For some reason known only in the darkest recesses of my mind, I was excited when El Bicho offered me the opportunity to cover the 2006 Razzie awards. The Razzies have been the anti-Oscars, celebrating the worst in cinema for the last 26 years. Now I have been known to have an affectation for bad movies now and then, but the folks at the Razzies really have taken it to the extreme. This year’s ceremony was held at LA’s famous Ivar Theater on Saturday night…on Oscar Eve. And yours truly was there.

“Top” honors were handed out to the Worst Film of the year “Dirty Love” starring Worst Actress winner Jenny McCarthy, and SNL veteran Rob Schneider took the Worst Actor award for is fine work in “Deuce Bigelo: European Gigolo.”

The show started off with a musical number spoofing RENT’s “Season Of Love” show stopper ensemble piece. “Five hundred twenty-five thousand six hundred minutes, how do you measure, measure a year”…our female and gay male readers (okay, and breeders like Mil Peliculas who like musicals) would find that one pretty amusing. Deliberately sung off-key at times, it recapped this year’s film fare with some funny results…but frankly, I was ready to go home after that. No surprise guests (like last year’s appearance of Halle Berry to pick up her Razzie) graced the hallowed halls this time around. And not one celebrity was there to offer their writing or comedy skills to warm up the evening. I mean, where was Gary Coleman for crap’s sake? The cast of characters were mainly a bunch of wannabe actors and actresses looking to pad their resumes. Probably the hottest celeb there was the Channel 9 news chick…who stayed as far away from me as possible…bitch.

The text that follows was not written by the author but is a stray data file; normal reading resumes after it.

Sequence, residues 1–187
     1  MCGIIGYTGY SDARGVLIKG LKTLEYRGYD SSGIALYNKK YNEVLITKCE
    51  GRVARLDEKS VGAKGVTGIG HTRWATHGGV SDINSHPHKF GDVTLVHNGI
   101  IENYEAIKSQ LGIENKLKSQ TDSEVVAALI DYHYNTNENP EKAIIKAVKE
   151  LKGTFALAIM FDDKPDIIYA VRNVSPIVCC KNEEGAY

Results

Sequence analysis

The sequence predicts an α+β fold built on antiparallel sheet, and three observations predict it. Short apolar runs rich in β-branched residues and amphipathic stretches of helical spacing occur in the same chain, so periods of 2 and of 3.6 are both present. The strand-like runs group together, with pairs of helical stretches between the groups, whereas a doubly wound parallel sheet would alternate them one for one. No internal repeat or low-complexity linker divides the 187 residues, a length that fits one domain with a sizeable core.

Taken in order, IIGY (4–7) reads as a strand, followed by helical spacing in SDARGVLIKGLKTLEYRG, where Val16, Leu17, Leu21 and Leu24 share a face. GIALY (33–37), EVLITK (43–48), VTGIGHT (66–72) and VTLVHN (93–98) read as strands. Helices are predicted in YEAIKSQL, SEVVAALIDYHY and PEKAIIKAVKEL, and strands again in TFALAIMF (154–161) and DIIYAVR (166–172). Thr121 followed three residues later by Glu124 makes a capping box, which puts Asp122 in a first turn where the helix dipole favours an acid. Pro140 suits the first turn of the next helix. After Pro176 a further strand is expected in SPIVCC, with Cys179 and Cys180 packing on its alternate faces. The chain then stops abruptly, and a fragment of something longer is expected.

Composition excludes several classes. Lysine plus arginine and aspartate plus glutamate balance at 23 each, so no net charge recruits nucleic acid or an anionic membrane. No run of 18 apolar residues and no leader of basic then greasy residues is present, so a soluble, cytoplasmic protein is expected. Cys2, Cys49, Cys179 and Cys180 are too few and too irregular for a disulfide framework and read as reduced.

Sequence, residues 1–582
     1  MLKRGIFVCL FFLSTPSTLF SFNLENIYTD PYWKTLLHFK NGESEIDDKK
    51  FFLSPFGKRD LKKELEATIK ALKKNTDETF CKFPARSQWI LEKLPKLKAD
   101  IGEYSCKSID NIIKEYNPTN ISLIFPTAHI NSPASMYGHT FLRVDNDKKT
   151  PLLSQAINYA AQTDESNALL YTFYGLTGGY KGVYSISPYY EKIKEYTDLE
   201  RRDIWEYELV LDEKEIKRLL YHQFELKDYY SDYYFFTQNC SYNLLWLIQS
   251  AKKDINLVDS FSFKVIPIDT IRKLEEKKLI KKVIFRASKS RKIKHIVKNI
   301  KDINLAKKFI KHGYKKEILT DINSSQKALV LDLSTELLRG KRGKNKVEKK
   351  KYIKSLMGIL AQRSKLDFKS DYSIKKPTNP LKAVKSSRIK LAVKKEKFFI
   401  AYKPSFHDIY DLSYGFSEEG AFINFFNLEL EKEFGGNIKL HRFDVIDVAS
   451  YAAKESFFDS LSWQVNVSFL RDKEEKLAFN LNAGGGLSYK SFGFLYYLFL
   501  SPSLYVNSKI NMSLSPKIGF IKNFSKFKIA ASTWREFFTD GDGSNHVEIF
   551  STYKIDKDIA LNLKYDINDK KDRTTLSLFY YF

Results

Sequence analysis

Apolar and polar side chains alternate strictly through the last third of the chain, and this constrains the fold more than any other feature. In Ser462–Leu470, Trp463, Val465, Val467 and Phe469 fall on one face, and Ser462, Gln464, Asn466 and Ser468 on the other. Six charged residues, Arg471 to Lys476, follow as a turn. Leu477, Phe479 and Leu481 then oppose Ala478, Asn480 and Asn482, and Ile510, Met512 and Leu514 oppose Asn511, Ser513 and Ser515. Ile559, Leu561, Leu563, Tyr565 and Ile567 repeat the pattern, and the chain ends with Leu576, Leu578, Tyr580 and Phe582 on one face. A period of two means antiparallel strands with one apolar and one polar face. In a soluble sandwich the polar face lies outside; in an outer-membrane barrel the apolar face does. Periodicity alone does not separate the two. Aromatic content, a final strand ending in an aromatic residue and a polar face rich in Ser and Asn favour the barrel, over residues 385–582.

The press folks were crammed into the balcony and had to look over each other’s shoulders the whole time, and the result is I never really grabbed any photos of anything remotely interesting.

Good thing is I made it home with plenty of time to pop in my DVD of “Valley Girl” that I had rented from Blockbuster Online. Never seen that one before…not bad. Where was I? Oh, yeah, you might want to check the Razzie website for more information. But for my money, bad films, just like good ones, need to stand the test of time. Bad films like “Dirty Love” are bad, but who cares? Now, bad films that are “so bad they are good” are something else entirely. Only after a bad movie has lasted for decades can it truly be worth your time—those are called “anti-classics.” Good for all the wrong reasons. Probably the most famous one being “Plan 9 From Outer Space” -- a heroically entertaining movie because of its egregious ineptitude. Those kinds of films really grow on you because the filmmakers really thought they were making something important, and missed the mark so horribly that it becomes endearing.

We at hope to be able to honor these types of films soon with a film festival dedicated to them…keep reading for more information on that….